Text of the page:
'The Meg' Wins the Weekend

Shark thriller The Meg wasn't expected to make much of a splash at the box office this weekend, but it ended up raking in more than twice as much as industry experts predicted. Read on for details about how this year's shark movie followed in the fin-prints of shark movies past.

Via The Hollywood Reporter.

For the third summer in a row, the shark movie has made a comeback.

Warner Bros.' The Meg blew past all expectations in its North American debut over the weekend, swimming to $44.5 million from 4,118 theaters, the biggest opening of all time for a live-action shark pic — not adjusted for inflation — and riding the wave of success enjoyed by 47 Meters Down (2017) and The Shallows (2016). The Meg also marks the studio's biggest opening of the year to date, supplanting Steven Spielberg's Ready Player One ($41.8 million) and Ocean's 8 ($41.6 million).

The big-budget movie is also showing strength overseas. China's Gravity Pictures, which put up a significant portion of the budget, is handling distribution duties in the Middle Kingdom, where The Meg debuted to $50.3 million for a total foreign launch of $96.8 million and a global tally of $141.3 million. Imax turned in $13.6 million, with more than half coming from China ($7 million).

The pic's showing in North America was particularly good news for Warner Bros. and Gravity, which paid at least $150 million to produce the long-in-the-making film (the studio says the net budget was $130 million), which was directed by Jon Turteltaub. The Meg still isn't out of danger in terms of making its production and marketing costs back.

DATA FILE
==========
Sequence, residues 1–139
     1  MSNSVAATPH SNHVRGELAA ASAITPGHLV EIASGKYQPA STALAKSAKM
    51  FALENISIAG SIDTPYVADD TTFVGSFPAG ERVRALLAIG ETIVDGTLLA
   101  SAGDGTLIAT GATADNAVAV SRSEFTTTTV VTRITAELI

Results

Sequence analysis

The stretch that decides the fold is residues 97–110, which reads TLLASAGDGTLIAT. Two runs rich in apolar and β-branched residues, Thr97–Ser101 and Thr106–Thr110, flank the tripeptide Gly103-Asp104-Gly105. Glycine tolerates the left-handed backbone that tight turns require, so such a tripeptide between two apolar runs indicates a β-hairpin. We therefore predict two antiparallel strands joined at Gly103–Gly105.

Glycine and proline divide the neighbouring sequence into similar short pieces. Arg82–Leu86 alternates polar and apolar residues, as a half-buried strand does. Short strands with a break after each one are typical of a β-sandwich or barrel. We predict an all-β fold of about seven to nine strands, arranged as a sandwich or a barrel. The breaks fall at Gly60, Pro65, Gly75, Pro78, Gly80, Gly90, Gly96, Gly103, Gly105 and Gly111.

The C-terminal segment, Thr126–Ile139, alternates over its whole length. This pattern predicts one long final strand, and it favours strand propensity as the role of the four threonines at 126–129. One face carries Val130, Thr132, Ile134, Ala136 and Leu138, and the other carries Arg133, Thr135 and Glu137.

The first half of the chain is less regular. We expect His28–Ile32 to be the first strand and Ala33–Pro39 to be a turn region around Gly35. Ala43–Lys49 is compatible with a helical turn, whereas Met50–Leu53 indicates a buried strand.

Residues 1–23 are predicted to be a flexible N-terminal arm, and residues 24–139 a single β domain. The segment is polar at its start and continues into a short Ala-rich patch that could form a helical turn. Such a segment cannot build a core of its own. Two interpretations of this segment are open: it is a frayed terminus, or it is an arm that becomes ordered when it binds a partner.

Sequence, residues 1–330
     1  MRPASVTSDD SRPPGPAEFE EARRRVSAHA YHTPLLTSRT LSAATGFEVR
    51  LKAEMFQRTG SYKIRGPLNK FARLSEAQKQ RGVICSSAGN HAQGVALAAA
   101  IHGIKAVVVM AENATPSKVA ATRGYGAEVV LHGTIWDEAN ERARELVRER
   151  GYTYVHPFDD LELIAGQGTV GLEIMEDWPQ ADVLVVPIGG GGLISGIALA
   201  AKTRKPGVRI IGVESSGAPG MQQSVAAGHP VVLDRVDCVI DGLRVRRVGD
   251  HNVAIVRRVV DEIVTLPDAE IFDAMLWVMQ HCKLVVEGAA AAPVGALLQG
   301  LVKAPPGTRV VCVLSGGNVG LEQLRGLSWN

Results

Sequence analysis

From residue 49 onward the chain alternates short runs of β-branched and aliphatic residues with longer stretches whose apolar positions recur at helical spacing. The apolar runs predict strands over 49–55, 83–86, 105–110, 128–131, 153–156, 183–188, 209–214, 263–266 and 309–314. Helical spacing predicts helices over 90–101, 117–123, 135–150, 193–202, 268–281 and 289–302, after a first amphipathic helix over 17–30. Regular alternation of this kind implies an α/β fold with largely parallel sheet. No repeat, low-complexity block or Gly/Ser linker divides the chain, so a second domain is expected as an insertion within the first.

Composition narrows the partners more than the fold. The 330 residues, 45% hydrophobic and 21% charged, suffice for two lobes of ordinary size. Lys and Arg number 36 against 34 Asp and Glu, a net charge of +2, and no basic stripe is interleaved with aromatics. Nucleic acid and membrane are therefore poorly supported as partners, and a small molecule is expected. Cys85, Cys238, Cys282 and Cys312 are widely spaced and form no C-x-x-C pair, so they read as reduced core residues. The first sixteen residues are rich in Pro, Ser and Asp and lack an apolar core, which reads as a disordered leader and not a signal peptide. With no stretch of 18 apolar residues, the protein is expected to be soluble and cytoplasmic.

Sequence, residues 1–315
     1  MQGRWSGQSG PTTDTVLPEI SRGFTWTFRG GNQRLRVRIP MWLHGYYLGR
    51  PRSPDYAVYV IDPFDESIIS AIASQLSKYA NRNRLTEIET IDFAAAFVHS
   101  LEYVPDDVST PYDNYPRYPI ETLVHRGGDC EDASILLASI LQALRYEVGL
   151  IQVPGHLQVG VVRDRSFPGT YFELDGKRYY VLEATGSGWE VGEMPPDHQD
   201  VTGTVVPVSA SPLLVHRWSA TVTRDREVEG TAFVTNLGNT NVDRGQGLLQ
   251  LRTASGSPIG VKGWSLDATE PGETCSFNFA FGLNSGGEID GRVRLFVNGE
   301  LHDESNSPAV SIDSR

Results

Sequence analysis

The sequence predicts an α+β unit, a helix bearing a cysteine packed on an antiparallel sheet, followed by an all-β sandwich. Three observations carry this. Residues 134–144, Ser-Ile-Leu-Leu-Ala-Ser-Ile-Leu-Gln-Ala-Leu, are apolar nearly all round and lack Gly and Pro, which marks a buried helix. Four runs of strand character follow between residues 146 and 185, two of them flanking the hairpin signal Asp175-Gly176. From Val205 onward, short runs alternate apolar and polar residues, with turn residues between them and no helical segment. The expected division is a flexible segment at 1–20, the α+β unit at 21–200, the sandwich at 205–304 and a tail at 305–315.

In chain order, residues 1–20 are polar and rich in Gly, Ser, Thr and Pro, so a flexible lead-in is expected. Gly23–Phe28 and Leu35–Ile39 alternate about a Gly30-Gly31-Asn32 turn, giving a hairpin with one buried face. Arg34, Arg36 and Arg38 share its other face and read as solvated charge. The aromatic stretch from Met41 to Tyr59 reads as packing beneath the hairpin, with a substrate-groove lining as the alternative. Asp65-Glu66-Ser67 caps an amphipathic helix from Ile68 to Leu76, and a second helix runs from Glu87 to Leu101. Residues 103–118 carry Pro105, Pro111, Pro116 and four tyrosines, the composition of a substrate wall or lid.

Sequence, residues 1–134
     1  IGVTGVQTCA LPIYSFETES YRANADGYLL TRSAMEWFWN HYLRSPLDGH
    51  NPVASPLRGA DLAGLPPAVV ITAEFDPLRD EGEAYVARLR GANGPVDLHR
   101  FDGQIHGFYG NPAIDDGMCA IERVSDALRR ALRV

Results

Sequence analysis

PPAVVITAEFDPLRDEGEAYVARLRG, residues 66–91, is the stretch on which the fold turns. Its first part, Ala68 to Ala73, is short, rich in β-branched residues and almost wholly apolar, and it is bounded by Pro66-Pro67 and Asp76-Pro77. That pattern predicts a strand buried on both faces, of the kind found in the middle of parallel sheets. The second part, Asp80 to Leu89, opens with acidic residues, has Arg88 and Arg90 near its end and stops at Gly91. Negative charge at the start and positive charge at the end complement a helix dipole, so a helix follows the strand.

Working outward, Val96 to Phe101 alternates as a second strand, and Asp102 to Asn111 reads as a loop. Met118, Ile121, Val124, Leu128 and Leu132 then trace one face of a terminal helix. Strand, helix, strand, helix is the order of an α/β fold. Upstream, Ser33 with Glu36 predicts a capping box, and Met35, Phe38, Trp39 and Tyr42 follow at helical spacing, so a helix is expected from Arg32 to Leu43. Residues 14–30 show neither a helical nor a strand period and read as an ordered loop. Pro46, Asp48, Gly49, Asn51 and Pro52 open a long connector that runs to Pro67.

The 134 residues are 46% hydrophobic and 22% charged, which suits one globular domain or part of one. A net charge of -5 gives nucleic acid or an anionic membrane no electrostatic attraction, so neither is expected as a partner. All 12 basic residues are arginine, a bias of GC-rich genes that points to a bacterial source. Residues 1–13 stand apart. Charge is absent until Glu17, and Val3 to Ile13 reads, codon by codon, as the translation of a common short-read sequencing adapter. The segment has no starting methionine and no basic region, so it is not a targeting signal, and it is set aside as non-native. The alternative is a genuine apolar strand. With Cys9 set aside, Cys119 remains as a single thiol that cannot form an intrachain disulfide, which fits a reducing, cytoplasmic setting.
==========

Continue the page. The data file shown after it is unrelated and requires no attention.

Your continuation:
Li Bingbing, Rainn Wilson, Ruby Rose, Winston Chao and Cliff Curtis co-star in the movie, which follows a group of scientists trying to stop a mammoth shark from causing destruction. Heading into the weekend, tracking showed The Meg opening to around $20 million. In addition to besting predictions, the film prospered despite receiving a B+ CinemaScore, versus an A. The pic skewed slightly male (52 percent), while nearly 70 percent of the audience was over 25.

"To double tracking is extraordinary," says Warners distribution president Jeff Goldstein.

The Meg overindexed among Hispanic audiences, with a number of the top-grossing theaters located in heavily Latino markets, according to Goldstein. The top-grossing theater in the entire country was in San Antonio, while other big earners were cinemas in Miami, Corpus Christi, Texas, and Phoenix.

"These are cities you don't normally see on the top 20 list," Goldstein says.

Get the rest of the story at The Hollywood Reporter.

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